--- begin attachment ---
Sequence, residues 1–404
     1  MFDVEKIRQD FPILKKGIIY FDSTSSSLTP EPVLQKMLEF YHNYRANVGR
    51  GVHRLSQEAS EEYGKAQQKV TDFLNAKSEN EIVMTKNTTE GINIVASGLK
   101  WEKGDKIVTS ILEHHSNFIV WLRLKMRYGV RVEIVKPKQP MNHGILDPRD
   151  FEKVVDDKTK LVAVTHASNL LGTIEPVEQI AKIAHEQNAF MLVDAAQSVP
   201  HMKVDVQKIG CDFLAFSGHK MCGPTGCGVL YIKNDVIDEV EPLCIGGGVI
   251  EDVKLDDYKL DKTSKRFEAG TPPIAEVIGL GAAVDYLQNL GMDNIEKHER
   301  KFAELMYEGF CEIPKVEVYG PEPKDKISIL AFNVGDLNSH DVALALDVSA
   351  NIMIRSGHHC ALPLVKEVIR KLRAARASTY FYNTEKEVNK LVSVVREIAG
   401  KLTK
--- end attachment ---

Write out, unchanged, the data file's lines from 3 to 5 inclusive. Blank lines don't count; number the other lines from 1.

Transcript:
    51  GVHRLSQEAS EEYGKAQQKV TDFLNAKSEN EIVMTKNTTE GINIVASGLK
   101  WEKGDKIVTS ILEHHSNFIV WLRLKMRYGV RVEIVKPKQP MNHGILDPRD
   151  FEKVVDDKTK LVAVTHASNL LGTIEPVEQI AKIAHEQNAF MLVDAAQSVP